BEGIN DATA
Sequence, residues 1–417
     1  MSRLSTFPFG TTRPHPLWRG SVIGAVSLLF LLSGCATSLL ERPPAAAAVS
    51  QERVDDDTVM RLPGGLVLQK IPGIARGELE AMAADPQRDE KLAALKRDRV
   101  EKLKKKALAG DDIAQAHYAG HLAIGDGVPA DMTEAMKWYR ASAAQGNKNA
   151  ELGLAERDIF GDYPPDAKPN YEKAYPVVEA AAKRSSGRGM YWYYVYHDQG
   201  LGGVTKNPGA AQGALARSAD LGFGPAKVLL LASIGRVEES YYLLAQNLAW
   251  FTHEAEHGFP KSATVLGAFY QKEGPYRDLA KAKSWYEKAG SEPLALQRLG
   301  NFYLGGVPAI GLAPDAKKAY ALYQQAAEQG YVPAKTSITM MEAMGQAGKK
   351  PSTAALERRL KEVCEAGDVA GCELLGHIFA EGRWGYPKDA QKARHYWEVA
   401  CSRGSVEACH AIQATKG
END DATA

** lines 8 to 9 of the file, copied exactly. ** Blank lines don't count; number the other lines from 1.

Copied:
   301  NFYLGGVPAI GLAPDAKKAY ALYQQAAEQG YVPAKTSITM MEAMGQAGKK
   351  PSTAALERRL KEVCEAGDVA GCELLGHIFA EGRWGYPKDA QKARHYWEVA